Trailing 3-16 to 0-24, Flynn broke onto a wayward James Barry clearance hit out towards the Cusack Stand in attempting to shake off the close attention of Tipp sub Conor O’Mahony.
Less than a metre from the sideline, the 20-year old tied proceedings with a most audacious effort. It would serve as his most important contribution in a game where he finished with 0-5.
Since coming into the squad last year, Flynn has worked closely with selector and former Galway forward Eugene Cloonan. The confidence the latter has instilled in Flynn came to the fore on Sunday afternoon.
“Eugene would always say to trust your game and have the confidence to shoot, and even if you miss, to keep shooting, don’t be afraid to make a mistake,” said Flynn. “That is what we are there for, to score.
“He would be telling you if you miss nine balls, the 10th one is the important one. You are going to get the 10th one. He is great to have there.” With the clock reading 53 minutes and Galway still attempting to recover from Seamus Callanan’s third green flag strike, a clumsy Lar Corbett challenge presented the westerners with a free inside their own half.
Management, instead of summoning regular free-taker Joe Canning out the field, handed responsibility to Flynn.
He duly obliged in levelling affairs.
“I scored the hard ones, I missed the easy ones. I had two bad wides, and scored the difficult ones. Anthony and Eugene had me taking a few long-range ones at training because they knew I had a good belt of a ball. Joe had been around the square and it can be a lot of hassle bringing him out to take a free because it takes him a long time to come out. I suppose I was practising them at training and they were happy with me. Joe had missed one or two beforehand, I got the call from the line to go out and take it.
“Joe scored one or two great ones after that. It doesn’t matter who is taking them so long as they are going over the bar.” Cunningham too, adds Flynn, has been another important figure in his development. A few people said to me the look on his face, going in at half-time on Sunday, showed how well up for it he was. He’s like the 16th man.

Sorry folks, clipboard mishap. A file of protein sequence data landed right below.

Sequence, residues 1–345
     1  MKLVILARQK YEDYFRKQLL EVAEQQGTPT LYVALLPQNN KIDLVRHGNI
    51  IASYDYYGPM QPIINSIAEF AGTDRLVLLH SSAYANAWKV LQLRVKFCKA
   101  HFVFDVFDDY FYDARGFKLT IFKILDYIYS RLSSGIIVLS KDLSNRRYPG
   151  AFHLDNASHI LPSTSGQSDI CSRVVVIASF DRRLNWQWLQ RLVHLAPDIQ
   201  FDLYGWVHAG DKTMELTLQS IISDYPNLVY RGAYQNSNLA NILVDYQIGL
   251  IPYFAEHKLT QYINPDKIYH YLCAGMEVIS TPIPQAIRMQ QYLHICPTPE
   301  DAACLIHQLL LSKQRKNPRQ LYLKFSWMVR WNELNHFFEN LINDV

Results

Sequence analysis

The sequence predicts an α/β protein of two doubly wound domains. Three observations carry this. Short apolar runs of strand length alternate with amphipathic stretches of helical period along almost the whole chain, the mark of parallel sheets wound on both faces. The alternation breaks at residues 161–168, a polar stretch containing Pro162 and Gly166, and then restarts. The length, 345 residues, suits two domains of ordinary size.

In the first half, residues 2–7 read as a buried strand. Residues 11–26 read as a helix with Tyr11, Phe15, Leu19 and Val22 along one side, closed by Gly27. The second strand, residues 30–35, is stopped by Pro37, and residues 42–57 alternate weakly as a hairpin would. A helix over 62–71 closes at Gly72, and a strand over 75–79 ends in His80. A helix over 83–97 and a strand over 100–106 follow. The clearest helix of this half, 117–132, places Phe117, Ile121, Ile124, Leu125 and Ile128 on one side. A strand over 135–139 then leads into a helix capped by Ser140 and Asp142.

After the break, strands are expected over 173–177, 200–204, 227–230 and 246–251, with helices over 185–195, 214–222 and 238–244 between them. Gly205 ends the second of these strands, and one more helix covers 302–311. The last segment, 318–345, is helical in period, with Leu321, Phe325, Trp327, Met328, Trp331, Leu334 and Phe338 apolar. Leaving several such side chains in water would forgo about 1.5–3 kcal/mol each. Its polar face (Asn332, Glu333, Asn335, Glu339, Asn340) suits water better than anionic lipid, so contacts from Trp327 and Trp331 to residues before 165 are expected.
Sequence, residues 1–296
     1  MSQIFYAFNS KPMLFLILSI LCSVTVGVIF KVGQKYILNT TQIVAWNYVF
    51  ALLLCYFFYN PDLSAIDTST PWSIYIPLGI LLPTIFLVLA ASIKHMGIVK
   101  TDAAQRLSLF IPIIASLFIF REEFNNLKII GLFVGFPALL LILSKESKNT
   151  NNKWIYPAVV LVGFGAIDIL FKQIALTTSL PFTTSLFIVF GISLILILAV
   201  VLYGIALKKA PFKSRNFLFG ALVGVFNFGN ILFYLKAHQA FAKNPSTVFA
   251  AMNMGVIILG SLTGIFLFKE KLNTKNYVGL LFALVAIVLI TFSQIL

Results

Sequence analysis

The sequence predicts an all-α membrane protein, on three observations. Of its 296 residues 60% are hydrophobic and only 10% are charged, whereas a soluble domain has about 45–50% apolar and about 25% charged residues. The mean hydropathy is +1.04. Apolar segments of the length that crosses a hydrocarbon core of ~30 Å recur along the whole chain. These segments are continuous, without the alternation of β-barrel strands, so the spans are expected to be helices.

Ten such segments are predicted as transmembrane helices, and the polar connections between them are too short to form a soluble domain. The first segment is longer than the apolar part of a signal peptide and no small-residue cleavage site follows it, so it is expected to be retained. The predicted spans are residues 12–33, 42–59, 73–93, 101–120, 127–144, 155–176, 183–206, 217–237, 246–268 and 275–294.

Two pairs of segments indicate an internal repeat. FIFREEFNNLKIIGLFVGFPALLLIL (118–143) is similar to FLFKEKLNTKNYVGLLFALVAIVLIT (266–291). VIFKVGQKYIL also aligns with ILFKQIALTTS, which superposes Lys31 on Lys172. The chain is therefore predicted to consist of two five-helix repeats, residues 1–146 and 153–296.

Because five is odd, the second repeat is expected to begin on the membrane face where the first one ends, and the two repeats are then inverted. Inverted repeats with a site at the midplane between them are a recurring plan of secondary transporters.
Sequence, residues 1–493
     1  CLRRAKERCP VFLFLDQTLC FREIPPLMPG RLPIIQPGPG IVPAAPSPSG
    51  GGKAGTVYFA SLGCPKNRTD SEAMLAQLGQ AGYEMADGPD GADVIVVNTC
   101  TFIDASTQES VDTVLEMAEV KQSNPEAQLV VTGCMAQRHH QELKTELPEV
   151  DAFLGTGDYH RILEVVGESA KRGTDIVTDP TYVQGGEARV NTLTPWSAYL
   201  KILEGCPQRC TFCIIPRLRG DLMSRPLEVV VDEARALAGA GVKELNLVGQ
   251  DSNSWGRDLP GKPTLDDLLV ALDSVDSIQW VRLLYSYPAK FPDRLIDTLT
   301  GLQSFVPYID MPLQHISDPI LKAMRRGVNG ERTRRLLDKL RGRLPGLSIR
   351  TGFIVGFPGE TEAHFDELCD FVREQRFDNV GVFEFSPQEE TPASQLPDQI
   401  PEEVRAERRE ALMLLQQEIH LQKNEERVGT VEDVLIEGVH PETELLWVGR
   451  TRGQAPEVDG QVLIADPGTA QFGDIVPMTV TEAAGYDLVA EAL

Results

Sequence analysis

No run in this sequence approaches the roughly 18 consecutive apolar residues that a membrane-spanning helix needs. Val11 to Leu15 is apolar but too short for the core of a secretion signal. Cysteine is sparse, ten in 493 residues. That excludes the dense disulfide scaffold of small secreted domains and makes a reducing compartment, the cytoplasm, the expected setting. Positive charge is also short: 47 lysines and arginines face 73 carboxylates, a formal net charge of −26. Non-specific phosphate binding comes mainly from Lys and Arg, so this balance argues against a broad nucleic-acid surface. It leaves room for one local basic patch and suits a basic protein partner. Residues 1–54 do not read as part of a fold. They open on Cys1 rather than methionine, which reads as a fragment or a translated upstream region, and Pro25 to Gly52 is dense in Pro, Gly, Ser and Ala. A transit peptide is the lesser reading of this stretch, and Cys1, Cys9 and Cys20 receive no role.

“He just has huge passion, and he’s ruthless. And he wants to get the best out of you. He’s really developed my game since I came in and I’ve learned a lot from him.”
In attendance at yesterday’s Bord Gáis All-Ireland U21 hurling semi-final launch, the Tommie Larkins forward was adamant he’d never before been part of such a high-intensity fixture.
“The last five, 10 minutes, the calf muscles were cramping up badly. It was so intense. Even watching the hooks, blocks, and tackles, and the honest effort from both teams. They got a good start with the goal, and then two more goals. We as forwards were able to hook, and block, and tackle, and that means an awful lot. To get a point after they got a goal, instead of them building momentum. When you see lads putting in that effort it drives everyone on, and the crowd, and put the momentum back on us. And, I suppose, Galway have got a bit of stick over the last few years, that we weren’t able to get back from goals. So it was a great sign of leadership and character.”
With one September date nailed down, Flynn is now hoping to add a second in this Saturday’s U21 semi-final against Limerick at Semple Stadium.
“It is great timing really. It gets your mind back into it again. Personally, it is my last year U21. We under-performed the last two years, especially myself. I am looking forward to Saturday.”